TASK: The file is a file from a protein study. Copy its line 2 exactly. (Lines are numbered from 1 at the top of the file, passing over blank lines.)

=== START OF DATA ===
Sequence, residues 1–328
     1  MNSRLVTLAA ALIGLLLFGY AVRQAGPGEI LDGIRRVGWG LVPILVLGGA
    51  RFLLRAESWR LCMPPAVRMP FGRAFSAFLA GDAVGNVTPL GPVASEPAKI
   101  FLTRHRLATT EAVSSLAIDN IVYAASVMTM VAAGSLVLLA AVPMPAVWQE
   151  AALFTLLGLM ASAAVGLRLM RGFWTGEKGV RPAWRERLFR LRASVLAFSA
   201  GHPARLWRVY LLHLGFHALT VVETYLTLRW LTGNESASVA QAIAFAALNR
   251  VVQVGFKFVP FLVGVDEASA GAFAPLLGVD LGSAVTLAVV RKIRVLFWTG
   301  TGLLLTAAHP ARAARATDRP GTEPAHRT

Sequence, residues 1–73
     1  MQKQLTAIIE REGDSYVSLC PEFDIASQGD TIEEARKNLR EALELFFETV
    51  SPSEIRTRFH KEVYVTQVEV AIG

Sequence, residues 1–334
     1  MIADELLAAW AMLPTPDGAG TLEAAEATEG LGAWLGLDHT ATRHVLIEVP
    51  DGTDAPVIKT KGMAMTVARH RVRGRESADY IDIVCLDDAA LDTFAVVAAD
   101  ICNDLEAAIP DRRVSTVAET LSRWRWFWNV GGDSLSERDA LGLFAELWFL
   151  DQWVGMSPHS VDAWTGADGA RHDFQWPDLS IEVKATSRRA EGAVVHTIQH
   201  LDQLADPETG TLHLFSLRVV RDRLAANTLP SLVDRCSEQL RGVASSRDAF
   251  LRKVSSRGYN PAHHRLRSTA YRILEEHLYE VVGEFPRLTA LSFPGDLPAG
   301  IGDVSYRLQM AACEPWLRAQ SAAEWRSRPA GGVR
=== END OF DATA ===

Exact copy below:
     1  MNSRLVTLAA ALIGLLLFGY AVRQAGPGEI LDGIRRVGWG LVPILVLGGA